Opportunistic swapping is helpful to performance! This is when the system has nothing better to do, so it saves cached data that hasn’t been used for a long time to disk swap space. The cool thing about opportunistic swapping is that the server still keeps and serves a copy of the data in physical memory. But if later things get hectic and the server needs that memory for something else, it can remove them without having to perform additional untimely writes to disk. That’s healthy! That said, if you have tons of RAM there will be less swapping. For example, the below 64GB server has been up for 60+days with 5GB of free memory (approximately 8%), no swap used:
root@server [~]# free -m total used free shared buffers cached Mem: 62589 57007 5582 0 1999 31705 -/+ buffers/cache: 23302 39287 Swap: 1999 0 1999
Here’s what 8% free memory looks like on New Relic:
…disk IO utilization is beautiful.
Graphing Linux web server memory usage with Munin
Lastly, let’s look at Munin’s open source monitoring tool. In the graph below, cached memory is actually labeled as “cache” by Munin. In this example – click the image to enlarge – the server is healthy and swapping has no effect on performance because the size of cache and buffers is fairly large enough for the kernel to selectively swap out to disk. The ratio of used memory to cached/buffered memory shows that this server is caching more than 3 times the memory “used”. On web servers there’s no hard rule for recommended size of cache. This will vary case by case. That said, 50% or more of your RAM being used by cache is great for performance!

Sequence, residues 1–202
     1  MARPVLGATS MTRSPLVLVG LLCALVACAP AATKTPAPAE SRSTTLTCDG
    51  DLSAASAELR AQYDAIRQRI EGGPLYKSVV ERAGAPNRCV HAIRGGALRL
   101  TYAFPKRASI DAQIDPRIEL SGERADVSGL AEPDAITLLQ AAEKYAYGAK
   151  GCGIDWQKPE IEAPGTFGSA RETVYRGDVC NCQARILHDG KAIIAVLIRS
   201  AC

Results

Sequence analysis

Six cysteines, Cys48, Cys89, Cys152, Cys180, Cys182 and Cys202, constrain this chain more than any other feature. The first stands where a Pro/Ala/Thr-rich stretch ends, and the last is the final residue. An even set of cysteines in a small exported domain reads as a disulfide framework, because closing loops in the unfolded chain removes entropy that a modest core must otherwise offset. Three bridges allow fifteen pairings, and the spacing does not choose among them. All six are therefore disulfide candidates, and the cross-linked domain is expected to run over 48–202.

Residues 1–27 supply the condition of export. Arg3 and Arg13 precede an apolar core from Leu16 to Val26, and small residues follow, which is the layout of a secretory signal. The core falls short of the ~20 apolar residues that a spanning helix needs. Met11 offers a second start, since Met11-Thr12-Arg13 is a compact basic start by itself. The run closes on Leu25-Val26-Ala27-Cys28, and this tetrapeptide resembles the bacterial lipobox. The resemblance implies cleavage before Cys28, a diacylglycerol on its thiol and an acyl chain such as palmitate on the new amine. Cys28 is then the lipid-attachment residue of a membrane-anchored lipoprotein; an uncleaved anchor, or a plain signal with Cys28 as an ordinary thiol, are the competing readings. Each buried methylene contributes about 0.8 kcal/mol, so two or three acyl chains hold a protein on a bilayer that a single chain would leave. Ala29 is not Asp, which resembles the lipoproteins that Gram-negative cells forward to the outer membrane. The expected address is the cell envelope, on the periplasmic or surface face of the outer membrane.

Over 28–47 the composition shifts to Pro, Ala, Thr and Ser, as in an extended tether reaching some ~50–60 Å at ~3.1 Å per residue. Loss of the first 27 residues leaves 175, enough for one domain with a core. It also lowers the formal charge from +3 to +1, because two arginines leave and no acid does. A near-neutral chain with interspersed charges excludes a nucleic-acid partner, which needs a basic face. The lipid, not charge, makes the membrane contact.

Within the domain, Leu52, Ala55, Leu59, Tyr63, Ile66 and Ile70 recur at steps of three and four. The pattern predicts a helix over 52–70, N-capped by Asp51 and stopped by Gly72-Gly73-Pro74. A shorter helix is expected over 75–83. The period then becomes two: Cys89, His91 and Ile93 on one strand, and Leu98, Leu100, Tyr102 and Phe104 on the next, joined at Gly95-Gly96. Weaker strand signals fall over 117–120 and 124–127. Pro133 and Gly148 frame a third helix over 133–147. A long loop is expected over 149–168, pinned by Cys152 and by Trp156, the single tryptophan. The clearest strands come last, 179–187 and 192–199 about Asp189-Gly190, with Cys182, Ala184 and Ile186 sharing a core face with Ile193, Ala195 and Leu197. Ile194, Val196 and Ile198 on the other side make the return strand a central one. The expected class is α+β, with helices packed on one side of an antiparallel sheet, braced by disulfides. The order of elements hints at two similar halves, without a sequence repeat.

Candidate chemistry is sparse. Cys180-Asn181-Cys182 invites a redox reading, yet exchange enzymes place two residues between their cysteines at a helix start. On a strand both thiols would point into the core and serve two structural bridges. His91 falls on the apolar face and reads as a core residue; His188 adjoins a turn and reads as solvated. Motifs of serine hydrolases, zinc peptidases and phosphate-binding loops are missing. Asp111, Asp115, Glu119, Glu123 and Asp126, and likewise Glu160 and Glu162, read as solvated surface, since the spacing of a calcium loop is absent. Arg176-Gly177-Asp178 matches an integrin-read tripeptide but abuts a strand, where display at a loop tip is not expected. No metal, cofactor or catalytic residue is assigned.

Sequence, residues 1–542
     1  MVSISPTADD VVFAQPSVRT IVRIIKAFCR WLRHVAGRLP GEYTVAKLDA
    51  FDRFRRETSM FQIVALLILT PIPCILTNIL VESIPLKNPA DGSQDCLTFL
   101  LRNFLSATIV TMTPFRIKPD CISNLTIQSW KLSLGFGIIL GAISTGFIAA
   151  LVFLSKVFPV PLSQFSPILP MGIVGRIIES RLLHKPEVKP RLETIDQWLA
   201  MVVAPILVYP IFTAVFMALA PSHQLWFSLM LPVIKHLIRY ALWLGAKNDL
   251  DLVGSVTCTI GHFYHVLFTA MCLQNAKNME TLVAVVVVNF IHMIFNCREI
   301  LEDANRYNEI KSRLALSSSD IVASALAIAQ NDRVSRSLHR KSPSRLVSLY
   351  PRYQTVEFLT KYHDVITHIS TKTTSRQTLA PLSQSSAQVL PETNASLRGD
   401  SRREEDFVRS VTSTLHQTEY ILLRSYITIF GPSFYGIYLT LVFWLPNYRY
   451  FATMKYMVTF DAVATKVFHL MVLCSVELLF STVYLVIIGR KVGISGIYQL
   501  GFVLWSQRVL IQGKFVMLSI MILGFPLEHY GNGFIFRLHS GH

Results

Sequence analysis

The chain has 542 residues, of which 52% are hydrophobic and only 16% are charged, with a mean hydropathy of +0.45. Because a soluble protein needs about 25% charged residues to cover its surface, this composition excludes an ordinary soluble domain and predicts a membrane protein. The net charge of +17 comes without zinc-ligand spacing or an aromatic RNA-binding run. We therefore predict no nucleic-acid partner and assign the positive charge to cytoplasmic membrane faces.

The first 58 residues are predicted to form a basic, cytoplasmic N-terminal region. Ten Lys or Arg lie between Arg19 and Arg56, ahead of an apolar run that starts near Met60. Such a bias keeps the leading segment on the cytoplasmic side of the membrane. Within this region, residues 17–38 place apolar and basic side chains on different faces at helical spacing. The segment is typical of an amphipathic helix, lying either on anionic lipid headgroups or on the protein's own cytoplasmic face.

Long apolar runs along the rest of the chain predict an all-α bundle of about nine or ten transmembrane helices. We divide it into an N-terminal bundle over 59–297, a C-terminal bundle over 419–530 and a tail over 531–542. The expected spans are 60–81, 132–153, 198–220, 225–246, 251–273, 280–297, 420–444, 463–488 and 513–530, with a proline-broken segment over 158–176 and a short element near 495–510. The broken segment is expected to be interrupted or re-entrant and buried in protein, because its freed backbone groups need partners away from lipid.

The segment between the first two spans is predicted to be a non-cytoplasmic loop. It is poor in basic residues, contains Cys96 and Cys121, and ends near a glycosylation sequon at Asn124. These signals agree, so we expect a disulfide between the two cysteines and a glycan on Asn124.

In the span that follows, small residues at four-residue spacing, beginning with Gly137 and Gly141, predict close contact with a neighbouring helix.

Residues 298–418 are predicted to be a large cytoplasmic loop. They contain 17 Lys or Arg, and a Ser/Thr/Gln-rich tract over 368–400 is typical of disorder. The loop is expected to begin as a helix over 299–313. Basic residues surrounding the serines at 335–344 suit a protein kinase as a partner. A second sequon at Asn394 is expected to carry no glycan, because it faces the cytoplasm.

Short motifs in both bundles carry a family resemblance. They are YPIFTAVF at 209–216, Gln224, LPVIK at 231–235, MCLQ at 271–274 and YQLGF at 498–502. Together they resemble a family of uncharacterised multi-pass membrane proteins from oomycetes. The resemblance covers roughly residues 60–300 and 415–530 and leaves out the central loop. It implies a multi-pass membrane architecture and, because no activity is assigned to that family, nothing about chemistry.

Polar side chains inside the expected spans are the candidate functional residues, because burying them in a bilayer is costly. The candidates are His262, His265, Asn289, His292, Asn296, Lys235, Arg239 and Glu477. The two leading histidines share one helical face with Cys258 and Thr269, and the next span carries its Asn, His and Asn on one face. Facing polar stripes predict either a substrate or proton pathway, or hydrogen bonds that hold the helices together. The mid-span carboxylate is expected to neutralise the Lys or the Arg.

Remember unlike Linux desktop, with web servers, a much higher percentage of previously accessed files are repeatedly requested. So while considering cached memory as “free” on a desktop install is ok, that’s not the case with web servers. Lets keep em’ cached!
Another example of counting cached/buffered memory as free vs used
Last month a server suffered MySQL failure due to memory being exhausted which included all of the limited swap that was available. Here’s the Munin report of memory usage (and also commit):
Here’s New Relic’s report on memory usage for the same period. Shows swapping but also what would seem like a healthy amount of white space and only about 50% “used”:
The server owner was thus unaware of the extent of the problem. If Linux only used swap when out of memory this New Relic graph might not have been be as misleading to some, but as we previously discussed above that is not the case thus making it difficult for non-admins relying tools which constantly shows 50% free space. So, Are You Measuring Linux Web Server Memory Usage “Correctly”?
First posted: 2014 / Last updated: Nov 11th, 2018